28. 28. 7. Conclusions Problem based learning approaches in Meteorology• Committee reads and assess proposal (10% of final mark) and provides feedback tostudent by start Week 2.• Student works on project with supervisor through autumn term.• Week 1, spring term, student submits six page ʻresearch-paperʼ to student researchjournal. Continues to work on project.• Research paper is reviewed by two anonymous student reviewers. Staff member acts aseditor and communicates essential and nonessential corrections to student by Week 5.The quality of the student review is assessed by the staff member (20% of final mark).• Student submits revised six-page research paper to journal by end of week 8. Staffmember assess research work (50% of final mark).• Student prepares poster for final poster conference. Assessed by both peer and staffassessment (20% of final mark).• All final research papers are bound into a final volume which is archived in departmentallibrary.This system would move the project closer toward the modern, real-world practice ofmeteorological science. Students would still be expected to perform an in-depth researchproject but they would have ownership of the process at all stages. They would also learnto participate in the process of constructive peer review and understand the complexitiesof a peer-review system in which opinions on work are often different and sometimeswrong. Finally, by producing a short, final document they would learn to communicate keyscientific messages and move away from simply adding all their results to a singledocument. At the end of the project, an attractive and accessible record of researchperformed by them and their peers would be available.No doubt, implementing such a major change to current practice would be challenging andwould require staff members to reconsider the aims and objectives of the project. I feelhowever, that it would also much better prepare our students for the world of work orfurther study.7.5 Reflections on course design in generalAs mentioned in my first video diary ( the processof formally redesigning the Atmospheric Science Field course has been very informativefor the course design process in general. It has been interesting to be exposed to more ofthe formal course design procedures adopted by other disciplines/universities. It is myexperience thus far in my academic career that this formal course design process is veryrarely adopted in my department or subject area. The typical process of course design inMeteorology begins with course content and produces a course design which fits aroundthis content. There is little consideration at the outset of how the overall course might bestructured or how different teaching and learning techniques might be used to improve theoverall quality of provision. Most course design is similar to the project described here, inthat the course convener will adapt a previous module and make small changes toimprove or enhance that module. The course mapping tool is particularly useful in thiscontext, since it allows a ʻbirds-eye viewʼ of the course to be developed before makingchanges. It is also useful to force oneself to consider the course from this perspective. Ihope to continue to develop courses in this fashion in future.Andrew Charlton-Perez 25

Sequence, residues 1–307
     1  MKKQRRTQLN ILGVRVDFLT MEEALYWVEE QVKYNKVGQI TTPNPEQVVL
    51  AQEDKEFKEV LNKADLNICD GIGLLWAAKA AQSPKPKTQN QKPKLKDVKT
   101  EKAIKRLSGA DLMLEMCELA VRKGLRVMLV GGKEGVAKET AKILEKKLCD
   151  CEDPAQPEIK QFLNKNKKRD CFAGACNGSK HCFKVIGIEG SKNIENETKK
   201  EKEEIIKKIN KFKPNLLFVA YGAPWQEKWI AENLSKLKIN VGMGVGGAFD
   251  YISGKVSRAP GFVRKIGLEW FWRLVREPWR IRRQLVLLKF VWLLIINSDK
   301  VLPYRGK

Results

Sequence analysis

29. 29. 8. References Problem based learning approaches in MeteorologyReferencesAtkinson, R., & Shiffrin, R., 1968, Human memory: A proposed system and its controlprocesses. In K. Spence & J. Spence (Eds.), The psychology of learning and motivation(Vol. 2, pp. 89–195). New York:Academic.Carnduff J. & Reid N., 2003, Enhancing Undergraduate Chemistry Laboratories, RoyalSociety of Chemistry, London.Conole G., 2010, D. and Feletti G. (eds.), 1997, The Challenge of Problem-Based learning, London:Kogan PageFry H., Ketteridge S. & Marshall S. (eds.), 2008, A Handbook for Teaching and Learning inHigher Education, New York: RoutledgeGibbs G., Habeshaw S. & Habeshaw T., 1988, 53 Interesting Ways to Appraise yourTeaching, Bristol: Technical and Education ServicesGijselaers, W, 1995, Perspectives on problem-based learning; pp 39-52 inGijselaers, W, Tempelaar, D, Keizer, P, Blommaert, J, Bernard, E & Kapser, H (eds)Educational Innovation in Economics and Business Administration: The Case ofProblem-Based Learning. Dordrecht: Kluwer.Hmelo-Silver C., Golan-Duncan R. and Chinn C. A., 2007, Scaffolding and Achievement inProblem-Based and Inquiry Learning: A Response to Kirschner, Sweller and Clark,Educational Psychologist, 42, 99-107Kahn P. and K. Oʼ Rouke, 2004, Guide to Curriculum Design: Enquiry Based Learning,Higher Education AcademyKirschner, P.A., Sweller, J. & Clark, R.E., 2006, Why minimal guidance during instructiondoes not work: An analysis of the failure of constructivist, discovery, problem-based,experiential, and inquiry based teaching. Educational Psychologist, 41, 75-86.Kolb, D.A., 1984, Experiential Learning, Prentice-Hall, New JerseyKuhn, D., 2007, Is direct instruction the answer to the right question? EducationalPsychologist, 42, 109–113.Moreland N., 2005, Work-related learning in Higher Education, Higher Education AcademyLearning and Employability series.Perkins C., Evans M., Gavin H., Johns J. & Moore J., Fieldwork and Problem basedLearning, Special edition of PLANET,, 2000, Problem-Based Learning in Higher Education: Untold Stores, OpenUniversity PressAndrew Charlton-Perez 26